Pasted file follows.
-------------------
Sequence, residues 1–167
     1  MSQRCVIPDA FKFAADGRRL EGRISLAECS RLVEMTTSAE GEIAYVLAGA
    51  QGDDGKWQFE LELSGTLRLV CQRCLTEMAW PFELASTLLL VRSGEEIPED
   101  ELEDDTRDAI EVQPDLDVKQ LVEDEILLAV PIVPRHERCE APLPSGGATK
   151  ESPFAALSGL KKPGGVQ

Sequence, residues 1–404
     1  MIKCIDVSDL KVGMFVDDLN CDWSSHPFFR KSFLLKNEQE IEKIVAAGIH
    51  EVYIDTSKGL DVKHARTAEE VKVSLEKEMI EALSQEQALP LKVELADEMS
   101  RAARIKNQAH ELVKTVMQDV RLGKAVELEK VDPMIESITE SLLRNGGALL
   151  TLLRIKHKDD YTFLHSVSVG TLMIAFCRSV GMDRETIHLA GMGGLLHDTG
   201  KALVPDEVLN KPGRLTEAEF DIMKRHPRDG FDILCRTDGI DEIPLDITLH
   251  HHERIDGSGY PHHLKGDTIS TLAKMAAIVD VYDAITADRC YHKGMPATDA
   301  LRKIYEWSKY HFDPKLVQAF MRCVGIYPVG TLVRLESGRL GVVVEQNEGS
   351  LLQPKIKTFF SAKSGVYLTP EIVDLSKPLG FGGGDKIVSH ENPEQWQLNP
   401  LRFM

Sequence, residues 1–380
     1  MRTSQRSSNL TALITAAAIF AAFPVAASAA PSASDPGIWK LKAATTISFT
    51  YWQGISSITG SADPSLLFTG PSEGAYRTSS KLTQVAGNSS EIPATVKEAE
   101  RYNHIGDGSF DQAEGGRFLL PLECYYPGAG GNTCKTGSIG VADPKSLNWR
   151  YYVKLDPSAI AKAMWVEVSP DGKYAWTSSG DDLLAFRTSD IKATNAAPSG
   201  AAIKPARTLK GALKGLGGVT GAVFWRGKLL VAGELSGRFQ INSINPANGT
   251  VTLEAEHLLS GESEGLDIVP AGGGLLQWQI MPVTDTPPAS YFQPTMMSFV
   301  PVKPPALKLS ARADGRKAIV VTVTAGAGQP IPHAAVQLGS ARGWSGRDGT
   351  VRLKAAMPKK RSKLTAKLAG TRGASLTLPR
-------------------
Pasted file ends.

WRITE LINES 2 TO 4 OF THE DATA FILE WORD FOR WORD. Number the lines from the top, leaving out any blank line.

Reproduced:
     1  MSQRCVIPDA FKFAADGRRL EGRISLAECS RLVEMTTSAE GEIAYVLAGA
    51  QGDDGKWQFE LELSGTLRLV CQRCLTEMAW PFELASTLLL VRSGEEIPED
   101  ELEDDTRDAI EVQPDLDVKQ LVEDEILLAV PIVPRHERCE APLPSGGATK